Barratt Developments



5fad2e2b-6734-4ee4-a88e-690161a05516“I loved the event and have gained a potential graduate employee, a potential land deal, a very interesting discussion with the Federal Mogul representatives, a discussion with a number of very interesting people….all in two hours!” – David Thomas

“Really enjoyed last Friday’s Business Club. Great speaker and made some very useful contacts.” – Mike Madden of Legacy IT

“The talk was really excellent and I wished that I had brought our MD with me .. a friendly bunch. I liked the bacon sandwich!”  – Oliver Stephenson of Carlton Brick

A large and lively group of business people gathered at Chapel-en-le-Frith Golf Club on Friday May 15th to hear our first CEO, head of FTSE 100 company Barratt. David Thomas, a softly-spoken Scot, once washed dishes in a Glasgow restaurant on Saturdays to earn pocket money. He took a degree in hotel management and an accountancy qualification, and came to us via House of Fraser, Millennium & Copthorne Hotels and retailers Game Group. He joined Barratt in 2009 when the firm was reeling from the Recession, with sales down 40%. Now it’s the top housebuilder in the country.

Laurie Barratt, the firm’s founder, was an accountant who couldn’t afford to buy his own home in 1958, so he built one. Within 10 years he was running a listed company; he created show homes and the original affordable housing with a £9 per week mortgage. Those were the days! The leading edge tradition continues, with zero carbon emission properties in Bristol “Some day,” David said, “all houses in Britain will be carbon neutral.”

The lessons applied on that long journey are clearly applicable to other businesses. A long term view, the upholding of the highest standards, rigid attention to detail (“Rectification is very expensive”), all make for financial success and repeated annual awards from customers and the building industry.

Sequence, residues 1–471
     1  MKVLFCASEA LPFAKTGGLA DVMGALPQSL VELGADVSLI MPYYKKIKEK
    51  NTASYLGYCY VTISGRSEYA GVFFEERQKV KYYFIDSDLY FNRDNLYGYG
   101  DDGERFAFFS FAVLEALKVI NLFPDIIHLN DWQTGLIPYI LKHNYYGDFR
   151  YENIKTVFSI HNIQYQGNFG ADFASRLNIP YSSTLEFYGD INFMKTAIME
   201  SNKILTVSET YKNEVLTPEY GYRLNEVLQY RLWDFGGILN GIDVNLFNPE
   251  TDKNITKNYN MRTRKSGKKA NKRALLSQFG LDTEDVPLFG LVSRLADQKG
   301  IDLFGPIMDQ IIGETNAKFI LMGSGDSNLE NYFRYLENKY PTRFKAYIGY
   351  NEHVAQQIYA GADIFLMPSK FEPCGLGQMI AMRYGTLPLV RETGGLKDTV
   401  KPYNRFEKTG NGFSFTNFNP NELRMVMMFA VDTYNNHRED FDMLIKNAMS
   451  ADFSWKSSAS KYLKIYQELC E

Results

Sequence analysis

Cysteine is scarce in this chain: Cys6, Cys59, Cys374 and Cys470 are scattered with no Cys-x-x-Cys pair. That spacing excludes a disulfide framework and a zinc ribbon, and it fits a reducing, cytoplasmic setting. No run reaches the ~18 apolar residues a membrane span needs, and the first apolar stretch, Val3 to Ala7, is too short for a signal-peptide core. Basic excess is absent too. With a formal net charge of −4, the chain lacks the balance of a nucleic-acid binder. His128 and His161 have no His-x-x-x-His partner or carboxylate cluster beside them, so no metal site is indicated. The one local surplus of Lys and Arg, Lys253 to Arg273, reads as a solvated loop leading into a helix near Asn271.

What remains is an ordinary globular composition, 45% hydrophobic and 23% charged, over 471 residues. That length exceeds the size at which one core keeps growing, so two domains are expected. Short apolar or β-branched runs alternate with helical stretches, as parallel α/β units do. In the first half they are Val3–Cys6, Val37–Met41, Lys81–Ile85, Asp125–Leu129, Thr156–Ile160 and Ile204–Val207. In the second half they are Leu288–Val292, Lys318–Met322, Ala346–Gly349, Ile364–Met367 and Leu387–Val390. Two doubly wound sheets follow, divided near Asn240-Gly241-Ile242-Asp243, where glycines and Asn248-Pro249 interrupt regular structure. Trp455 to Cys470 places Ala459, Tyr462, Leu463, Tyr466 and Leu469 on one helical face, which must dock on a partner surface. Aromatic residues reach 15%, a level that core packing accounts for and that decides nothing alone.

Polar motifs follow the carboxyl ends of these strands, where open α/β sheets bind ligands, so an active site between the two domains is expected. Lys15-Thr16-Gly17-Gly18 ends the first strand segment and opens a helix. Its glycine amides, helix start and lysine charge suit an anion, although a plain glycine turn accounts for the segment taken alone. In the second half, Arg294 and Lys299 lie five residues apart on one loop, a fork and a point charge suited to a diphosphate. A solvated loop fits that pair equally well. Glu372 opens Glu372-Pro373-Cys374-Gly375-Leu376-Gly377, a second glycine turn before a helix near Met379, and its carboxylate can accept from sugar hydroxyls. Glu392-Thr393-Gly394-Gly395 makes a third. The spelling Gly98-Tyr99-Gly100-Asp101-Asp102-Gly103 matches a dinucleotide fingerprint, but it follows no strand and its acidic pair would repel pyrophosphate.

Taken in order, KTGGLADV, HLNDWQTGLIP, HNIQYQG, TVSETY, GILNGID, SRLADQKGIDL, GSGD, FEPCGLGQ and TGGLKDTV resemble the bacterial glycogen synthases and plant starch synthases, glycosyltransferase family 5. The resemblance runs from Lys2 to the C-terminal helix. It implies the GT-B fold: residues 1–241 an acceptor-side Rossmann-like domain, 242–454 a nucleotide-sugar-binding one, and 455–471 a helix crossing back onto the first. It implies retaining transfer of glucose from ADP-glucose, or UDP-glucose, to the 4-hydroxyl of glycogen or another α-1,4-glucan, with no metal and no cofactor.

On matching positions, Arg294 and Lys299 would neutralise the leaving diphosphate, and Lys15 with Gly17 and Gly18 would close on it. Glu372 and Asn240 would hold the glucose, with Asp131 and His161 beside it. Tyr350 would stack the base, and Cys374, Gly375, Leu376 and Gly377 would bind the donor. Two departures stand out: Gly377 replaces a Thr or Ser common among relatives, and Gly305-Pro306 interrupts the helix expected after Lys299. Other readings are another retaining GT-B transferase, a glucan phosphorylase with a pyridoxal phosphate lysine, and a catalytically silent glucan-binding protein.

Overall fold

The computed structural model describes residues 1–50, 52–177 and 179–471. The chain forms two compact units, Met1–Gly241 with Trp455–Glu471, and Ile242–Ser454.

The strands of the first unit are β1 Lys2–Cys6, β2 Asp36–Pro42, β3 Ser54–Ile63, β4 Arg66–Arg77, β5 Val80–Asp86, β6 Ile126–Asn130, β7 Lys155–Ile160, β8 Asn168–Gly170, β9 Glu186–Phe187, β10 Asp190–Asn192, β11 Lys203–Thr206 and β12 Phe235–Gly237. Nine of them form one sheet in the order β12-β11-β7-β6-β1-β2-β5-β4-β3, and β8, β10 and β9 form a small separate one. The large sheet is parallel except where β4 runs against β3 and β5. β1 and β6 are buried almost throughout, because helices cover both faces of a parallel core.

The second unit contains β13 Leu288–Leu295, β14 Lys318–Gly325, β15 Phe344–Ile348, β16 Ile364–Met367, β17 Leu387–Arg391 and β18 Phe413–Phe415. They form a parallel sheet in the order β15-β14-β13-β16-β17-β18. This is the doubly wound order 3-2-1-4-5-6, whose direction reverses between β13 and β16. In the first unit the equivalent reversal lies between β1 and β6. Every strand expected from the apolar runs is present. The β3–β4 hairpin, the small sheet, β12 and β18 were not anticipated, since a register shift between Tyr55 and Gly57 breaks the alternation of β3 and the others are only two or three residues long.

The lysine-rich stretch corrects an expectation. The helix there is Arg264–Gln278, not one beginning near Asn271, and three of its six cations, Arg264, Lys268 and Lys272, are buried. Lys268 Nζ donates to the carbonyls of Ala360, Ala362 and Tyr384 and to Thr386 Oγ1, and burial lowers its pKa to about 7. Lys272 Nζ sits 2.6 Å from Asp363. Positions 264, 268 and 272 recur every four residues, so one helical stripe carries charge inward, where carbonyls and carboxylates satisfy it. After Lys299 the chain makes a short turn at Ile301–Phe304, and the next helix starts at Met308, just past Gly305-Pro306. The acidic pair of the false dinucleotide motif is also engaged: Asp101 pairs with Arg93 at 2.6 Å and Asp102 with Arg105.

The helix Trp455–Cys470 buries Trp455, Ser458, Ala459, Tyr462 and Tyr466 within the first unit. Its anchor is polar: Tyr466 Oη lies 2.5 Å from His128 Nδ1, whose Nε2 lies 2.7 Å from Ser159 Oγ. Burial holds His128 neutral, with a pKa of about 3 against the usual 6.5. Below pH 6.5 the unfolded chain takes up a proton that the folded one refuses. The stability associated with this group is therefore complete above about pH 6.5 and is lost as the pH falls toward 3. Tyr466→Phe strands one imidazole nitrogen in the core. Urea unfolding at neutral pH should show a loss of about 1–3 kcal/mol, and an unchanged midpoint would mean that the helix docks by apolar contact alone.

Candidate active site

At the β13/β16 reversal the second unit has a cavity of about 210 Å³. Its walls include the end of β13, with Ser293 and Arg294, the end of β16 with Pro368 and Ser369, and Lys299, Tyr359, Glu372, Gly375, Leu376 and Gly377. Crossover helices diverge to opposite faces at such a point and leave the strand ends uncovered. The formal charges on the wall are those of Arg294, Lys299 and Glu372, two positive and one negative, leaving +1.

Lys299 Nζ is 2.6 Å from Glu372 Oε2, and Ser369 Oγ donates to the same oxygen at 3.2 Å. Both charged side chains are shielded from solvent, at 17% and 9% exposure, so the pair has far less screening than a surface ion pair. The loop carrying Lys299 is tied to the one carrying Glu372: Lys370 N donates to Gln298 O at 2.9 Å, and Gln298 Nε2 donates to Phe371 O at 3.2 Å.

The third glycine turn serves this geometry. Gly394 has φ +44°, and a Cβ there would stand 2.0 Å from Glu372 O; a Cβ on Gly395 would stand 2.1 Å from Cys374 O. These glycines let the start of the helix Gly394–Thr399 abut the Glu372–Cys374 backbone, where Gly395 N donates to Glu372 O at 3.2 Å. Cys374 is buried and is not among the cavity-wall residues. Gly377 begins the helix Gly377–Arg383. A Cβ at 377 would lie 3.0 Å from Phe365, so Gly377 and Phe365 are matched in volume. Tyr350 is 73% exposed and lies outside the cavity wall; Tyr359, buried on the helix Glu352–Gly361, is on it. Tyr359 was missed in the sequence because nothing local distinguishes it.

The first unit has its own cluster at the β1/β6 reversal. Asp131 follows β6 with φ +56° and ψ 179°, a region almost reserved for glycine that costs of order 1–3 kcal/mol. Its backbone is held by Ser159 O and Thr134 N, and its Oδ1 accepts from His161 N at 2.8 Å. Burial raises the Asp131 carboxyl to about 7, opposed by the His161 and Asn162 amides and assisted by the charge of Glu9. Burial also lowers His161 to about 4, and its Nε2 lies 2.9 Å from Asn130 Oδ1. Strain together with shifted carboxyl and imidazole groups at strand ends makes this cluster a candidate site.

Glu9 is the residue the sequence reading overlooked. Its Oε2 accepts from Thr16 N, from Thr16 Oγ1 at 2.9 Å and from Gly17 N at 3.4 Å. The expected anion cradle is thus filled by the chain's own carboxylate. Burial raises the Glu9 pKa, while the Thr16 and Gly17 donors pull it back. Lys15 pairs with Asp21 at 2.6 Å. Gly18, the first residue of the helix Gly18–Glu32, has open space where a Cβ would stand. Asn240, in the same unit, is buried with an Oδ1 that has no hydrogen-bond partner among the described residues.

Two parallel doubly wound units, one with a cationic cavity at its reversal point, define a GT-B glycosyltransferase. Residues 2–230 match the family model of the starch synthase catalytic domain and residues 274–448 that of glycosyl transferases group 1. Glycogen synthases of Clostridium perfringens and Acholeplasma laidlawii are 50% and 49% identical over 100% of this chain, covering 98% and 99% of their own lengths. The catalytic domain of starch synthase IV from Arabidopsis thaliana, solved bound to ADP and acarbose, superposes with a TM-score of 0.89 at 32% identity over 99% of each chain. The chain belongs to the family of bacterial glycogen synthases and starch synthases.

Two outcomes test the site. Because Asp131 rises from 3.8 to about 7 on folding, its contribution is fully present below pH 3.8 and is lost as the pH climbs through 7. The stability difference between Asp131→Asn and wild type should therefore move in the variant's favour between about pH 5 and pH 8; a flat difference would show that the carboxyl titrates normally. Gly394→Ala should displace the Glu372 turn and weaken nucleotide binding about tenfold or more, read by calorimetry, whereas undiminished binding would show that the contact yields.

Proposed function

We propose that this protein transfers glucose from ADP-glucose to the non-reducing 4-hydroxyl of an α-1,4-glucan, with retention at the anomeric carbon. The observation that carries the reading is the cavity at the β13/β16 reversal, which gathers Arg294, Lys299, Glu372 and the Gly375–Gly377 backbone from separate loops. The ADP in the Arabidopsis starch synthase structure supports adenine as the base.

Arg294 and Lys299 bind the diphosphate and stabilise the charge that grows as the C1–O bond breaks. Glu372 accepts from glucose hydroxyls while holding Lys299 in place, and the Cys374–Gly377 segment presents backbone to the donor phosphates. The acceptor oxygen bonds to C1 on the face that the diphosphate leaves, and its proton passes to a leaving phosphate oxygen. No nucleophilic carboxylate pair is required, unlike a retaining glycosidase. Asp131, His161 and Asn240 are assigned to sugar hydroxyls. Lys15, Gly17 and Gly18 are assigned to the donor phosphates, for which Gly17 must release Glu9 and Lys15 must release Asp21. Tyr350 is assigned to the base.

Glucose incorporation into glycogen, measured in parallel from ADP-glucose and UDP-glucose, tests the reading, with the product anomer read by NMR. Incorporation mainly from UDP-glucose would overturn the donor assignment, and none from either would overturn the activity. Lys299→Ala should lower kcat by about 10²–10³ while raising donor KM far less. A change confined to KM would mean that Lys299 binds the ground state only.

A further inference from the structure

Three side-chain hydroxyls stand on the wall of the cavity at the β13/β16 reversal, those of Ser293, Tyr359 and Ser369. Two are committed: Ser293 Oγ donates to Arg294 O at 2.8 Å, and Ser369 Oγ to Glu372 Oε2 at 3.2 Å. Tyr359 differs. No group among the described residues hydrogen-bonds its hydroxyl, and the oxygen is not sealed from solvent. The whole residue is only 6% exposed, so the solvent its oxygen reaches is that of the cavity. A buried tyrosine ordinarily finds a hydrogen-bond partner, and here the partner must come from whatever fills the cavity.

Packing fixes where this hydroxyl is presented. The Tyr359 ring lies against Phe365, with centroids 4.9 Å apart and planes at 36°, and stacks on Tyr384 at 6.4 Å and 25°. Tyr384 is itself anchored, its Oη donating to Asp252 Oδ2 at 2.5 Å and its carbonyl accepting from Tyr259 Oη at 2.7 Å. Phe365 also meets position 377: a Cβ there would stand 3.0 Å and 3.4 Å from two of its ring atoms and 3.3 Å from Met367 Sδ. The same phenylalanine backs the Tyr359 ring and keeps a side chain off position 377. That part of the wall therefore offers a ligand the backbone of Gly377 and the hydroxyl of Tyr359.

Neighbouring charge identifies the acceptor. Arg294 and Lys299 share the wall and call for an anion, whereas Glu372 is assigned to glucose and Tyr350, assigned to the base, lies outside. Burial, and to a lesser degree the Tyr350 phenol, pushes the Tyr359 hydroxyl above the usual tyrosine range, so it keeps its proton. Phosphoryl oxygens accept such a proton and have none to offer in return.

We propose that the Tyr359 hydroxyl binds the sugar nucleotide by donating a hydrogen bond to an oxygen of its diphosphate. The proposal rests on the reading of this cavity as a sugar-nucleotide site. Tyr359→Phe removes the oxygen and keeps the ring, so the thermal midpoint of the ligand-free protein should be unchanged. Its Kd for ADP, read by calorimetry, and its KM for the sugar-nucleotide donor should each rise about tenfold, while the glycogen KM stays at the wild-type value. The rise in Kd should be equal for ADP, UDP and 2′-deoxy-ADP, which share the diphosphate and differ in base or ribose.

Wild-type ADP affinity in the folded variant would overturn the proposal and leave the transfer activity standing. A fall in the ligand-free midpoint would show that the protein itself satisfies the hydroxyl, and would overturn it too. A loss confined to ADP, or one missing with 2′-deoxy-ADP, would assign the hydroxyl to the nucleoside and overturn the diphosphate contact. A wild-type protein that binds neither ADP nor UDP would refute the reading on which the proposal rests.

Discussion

Demand continues to outstrip supply, despite strong government support. The average age of the first time buyer is now 37, or 32 with parental help. “It is indisputable that at no time since the 1960s has Britain built enough houses: 250,000 – 300,000 would meet demand, but this year it’ll be around 150,000.” Barratt contribute 17,000 units, around 12% of the UK total. The good news is increased lender competition has seen interest rates dropping in the last 2 years from over 3.5% to just over 2%. The government wants another 1 million houses by 2020. A tall order.

The problems are complex, particularly in the land market and acquiring all permissions. “It used to take 72 weeks on average to get on site, now it’s 60, but that’s still far too long.” Barratt has almost £1 billion of land approved for investment and directly or indirectly provides 53,000 jobs. All this, and high operational standards including zero tolerance on health and safety, mean that the small builder is disappearing, David said. The gravest shortage is manpower, bricklayers, plumbers, electricians and the like: “With 40% of our workforce in the south east and London coming from the Continent, Barratt wants to stay in the EU,” he said firmly, and one can see why.

Chapel-en-le-Frith is unusual in having two Barratt sites, both selling well; the 9 acres of surplus land acquired from Federal Mogul probably made the difference to the survival of that company (two of their employees were present). After answering many questions over the bacon baps, David was heading there unannounced, the act of a top manager.


david-thomasDavid Thomas, CEO of FTSE 100 company Barratt Developments:

“It was a pleasure to meet you and I really enjoyed the experience – it was a very good question session and it was the most scenic drive to work that I have ever had! The club members were very interesting and incredibly enthusiastic.”